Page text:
Step-down, step-up programmes are common in controlled-environment houses where a maximum of 6-8 hours of darkness is often used. A significant number of broilers are grown globally in open-sided houses and seasonally the dark period will be 10-12 hours a day. Providing 20 h light vs 16 h light per day results in around 200 g more feed for a 2.5 kg bird, so faster growth. Broilers rarely eat significant quantities of feed in the dark period unless this is extended much beyond 1 continuous period of 6 hours.
Beyond 6 hours of darkness, birds consume about +1% of their feed in the dark period per additional hour of darkness. With 12 h darkness then almost 6% of daily intake can occur in the dark period, often resulting in skin tearing and cellulitis. This situation is undoubtedly more acute at higher stocking densities. Apart from impacting total feed intake, the lighting programme further impacts feeder occupancy rates and hourly consumption (Figure 2).
With continuous lighting there is a subdued ahemeral pattern to feed intake, peaking around midday, likely because of birds cueing to non-light stimuli, such as noise or temperature change, etc. With a 12 h period of light feeding activity is necessarily more concentrated and, interestingly, birds show maximum feeding activity in the few hours preceding ‘lights out’.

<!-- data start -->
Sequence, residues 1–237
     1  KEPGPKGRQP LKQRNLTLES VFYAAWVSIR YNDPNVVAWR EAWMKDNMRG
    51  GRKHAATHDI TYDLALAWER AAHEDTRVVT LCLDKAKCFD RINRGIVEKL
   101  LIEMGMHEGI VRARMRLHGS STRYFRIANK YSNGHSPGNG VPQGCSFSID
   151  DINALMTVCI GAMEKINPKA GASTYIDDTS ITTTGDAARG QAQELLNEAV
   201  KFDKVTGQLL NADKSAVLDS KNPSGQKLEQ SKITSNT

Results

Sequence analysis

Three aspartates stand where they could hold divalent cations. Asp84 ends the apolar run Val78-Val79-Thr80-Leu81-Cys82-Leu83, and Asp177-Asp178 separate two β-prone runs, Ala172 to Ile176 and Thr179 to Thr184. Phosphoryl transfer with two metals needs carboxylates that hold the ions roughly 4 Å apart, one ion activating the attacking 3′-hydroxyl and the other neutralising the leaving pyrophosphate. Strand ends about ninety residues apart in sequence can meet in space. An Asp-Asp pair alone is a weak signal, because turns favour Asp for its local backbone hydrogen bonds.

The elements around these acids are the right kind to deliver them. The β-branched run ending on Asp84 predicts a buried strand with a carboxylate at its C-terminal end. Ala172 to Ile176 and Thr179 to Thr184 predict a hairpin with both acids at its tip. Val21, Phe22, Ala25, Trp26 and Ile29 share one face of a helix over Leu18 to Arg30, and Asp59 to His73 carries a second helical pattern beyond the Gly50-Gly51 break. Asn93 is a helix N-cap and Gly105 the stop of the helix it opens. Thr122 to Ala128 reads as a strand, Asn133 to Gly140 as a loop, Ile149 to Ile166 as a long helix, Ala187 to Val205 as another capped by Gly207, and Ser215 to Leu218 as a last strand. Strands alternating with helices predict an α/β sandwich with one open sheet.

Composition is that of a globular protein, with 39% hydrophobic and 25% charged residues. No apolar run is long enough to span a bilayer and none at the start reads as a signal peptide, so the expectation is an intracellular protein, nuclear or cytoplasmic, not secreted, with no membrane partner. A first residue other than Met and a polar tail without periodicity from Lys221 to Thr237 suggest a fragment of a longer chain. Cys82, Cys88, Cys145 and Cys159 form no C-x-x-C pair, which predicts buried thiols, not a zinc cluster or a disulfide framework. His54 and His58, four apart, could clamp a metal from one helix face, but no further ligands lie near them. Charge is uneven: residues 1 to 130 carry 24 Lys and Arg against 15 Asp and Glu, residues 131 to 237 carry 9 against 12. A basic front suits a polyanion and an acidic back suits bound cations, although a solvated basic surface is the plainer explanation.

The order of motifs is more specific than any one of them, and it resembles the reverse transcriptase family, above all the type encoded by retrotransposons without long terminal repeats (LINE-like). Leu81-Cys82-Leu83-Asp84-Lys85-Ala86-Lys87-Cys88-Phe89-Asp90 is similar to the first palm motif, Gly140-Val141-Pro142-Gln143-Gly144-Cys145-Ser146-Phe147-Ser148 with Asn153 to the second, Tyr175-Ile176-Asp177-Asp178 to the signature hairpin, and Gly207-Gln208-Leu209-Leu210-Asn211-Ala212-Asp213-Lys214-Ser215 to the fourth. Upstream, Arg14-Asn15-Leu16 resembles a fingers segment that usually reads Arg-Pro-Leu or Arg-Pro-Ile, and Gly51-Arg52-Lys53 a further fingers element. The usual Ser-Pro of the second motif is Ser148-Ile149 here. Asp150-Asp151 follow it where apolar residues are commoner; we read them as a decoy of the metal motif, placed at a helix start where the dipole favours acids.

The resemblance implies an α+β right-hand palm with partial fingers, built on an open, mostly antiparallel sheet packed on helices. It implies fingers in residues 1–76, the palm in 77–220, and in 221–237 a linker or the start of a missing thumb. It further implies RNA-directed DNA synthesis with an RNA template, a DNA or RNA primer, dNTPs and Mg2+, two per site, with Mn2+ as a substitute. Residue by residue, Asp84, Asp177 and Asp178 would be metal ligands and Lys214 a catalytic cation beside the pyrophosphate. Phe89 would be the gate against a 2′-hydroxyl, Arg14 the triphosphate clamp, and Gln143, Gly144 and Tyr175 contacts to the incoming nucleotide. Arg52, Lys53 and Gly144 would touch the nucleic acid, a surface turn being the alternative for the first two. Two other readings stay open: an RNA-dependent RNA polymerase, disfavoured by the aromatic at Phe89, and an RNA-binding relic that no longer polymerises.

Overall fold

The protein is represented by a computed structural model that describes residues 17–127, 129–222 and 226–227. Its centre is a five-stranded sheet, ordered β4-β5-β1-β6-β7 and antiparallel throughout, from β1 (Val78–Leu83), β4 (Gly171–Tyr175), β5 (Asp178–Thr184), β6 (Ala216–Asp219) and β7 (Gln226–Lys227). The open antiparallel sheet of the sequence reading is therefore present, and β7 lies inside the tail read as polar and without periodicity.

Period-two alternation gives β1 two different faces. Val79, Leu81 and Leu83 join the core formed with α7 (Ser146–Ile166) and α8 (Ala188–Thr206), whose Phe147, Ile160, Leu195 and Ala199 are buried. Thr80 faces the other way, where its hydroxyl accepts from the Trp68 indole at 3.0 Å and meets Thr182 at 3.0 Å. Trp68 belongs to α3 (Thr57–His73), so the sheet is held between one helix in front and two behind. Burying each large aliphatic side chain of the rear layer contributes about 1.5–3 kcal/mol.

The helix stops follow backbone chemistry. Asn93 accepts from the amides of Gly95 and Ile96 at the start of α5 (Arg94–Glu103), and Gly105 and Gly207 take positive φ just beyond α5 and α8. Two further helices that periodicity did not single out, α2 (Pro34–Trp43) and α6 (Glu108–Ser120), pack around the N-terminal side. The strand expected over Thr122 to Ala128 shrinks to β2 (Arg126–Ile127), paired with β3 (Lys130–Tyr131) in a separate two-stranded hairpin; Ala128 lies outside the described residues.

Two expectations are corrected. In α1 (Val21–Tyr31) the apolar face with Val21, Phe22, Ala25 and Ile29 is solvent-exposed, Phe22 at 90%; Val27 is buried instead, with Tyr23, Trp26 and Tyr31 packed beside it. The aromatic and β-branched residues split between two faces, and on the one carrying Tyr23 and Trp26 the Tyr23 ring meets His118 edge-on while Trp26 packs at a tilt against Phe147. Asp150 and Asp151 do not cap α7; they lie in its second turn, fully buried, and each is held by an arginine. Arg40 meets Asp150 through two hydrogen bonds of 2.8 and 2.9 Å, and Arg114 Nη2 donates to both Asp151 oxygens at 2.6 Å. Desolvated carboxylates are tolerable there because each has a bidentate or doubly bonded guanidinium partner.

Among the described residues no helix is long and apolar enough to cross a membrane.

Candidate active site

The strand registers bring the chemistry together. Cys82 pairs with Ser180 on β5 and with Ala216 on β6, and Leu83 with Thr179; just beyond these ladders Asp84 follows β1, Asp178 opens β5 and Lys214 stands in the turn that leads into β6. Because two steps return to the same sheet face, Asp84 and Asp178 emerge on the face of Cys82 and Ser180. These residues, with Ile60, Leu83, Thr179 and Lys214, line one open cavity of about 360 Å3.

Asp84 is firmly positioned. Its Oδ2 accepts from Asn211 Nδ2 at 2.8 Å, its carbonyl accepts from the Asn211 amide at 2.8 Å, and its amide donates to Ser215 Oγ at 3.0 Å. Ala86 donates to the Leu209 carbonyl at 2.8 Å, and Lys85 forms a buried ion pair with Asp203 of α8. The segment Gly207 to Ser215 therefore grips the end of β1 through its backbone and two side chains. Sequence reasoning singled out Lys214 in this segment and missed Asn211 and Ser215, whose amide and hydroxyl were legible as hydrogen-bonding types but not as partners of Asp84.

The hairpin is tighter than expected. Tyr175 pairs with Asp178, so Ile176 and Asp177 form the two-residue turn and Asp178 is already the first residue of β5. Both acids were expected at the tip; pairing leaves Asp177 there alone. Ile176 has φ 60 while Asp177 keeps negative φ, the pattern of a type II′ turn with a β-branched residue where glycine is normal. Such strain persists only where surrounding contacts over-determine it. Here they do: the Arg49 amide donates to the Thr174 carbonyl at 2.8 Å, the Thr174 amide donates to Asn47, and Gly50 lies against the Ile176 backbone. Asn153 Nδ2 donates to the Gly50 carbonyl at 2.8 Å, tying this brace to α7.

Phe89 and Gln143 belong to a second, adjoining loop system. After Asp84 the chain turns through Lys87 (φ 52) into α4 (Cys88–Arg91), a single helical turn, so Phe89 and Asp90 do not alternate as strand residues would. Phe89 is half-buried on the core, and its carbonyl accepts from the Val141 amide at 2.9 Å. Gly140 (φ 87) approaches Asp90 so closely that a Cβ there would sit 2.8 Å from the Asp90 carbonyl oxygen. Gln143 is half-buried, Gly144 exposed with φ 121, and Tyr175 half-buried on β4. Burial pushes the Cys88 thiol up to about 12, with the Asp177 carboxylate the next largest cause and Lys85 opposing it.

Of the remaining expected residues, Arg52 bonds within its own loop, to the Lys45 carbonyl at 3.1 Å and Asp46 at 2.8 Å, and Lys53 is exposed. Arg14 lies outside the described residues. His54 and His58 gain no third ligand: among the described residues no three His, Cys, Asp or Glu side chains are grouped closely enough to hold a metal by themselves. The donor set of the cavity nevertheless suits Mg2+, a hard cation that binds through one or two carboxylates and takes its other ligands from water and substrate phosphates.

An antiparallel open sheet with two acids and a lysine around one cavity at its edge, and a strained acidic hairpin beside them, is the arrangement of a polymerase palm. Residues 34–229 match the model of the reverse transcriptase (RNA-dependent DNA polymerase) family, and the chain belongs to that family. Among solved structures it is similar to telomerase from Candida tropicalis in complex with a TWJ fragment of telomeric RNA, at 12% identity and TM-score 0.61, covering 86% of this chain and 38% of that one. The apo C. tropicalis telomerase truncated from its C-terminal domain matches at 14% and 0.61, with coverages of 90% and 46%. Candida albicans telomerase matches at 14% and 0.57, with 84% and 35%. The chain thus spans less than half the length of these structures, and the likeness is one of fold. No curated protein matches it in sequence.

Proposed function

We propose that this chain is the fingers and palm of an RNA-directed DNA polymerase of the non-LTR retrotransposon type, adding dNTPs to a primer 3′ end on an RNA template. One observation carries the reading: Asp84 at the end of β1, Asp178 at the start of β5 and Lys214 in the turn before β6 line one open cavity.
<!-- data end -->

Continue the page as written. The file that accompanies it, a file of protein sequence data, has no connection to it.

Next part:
Imposing a dawn/dusk programme on the schedule that involves a gradual increase in intensity at ‘lights on’ and a decrease in intensity prior to the dark period, causes a major shift in feeding activity, being highly skewed to the hours of dusk (Figure 2). Presumably the birds’ cue more acutely to the reducing light intensity and increase feeding prior to lights out.